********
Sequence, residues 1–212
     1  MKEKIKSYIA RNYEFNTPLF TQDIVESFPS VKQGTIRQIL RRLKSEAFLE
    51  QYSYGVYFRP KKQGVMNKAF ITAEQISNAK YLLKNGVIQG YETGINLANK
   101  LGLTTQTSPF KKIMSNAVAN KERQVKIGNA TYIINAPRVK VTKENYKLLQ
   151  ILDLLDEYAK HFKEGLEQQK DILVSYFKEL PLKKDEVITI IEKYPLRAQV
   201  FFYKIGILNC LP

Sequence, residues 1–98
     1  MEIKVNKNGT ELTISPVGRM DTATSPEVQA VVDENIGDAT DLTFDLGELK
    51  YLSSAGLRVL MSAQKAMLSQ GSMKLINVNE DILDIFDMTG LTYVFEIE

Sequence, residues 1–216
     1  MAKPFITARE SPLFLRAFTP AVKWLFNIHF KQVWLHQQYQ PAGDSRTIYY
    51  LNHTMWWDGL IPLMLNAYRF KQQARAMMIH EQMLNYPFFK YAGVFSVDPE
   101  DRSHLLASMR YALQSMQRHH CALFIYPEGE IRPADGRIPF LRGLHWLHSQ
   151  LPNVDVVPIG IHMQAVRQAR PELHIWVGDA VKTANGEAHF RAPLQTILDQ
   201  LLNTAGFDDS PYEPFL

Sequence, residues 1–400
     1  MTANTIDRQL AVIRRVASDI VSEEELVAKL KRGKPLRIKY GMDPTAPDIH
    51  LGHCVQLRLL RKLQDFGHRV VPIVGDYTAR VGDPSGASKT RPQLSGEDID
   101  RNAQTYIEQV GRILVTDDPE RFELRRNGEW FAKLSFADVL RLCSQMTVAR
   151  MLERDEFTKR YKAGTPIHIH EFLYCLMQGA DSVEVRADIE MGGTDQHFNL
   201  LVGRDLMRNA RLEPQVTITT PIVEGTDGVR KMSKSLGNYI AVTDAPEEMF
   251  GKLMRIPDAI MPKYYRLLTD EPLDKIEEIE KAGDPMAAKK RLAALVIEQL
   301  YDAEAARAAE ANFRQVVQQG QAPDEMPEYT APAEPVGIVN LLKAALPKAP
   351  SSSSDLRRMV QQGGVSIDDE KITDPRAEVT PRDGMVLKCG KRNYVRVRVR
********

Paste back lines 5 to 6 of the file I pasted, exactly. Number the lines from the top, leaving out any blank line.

   151  ILDLLDEYAK HFKEGLEQQK DILVSYFKEL PLKKDEVITI IEKYPLRAQV
   201  FFYKIGILNC LP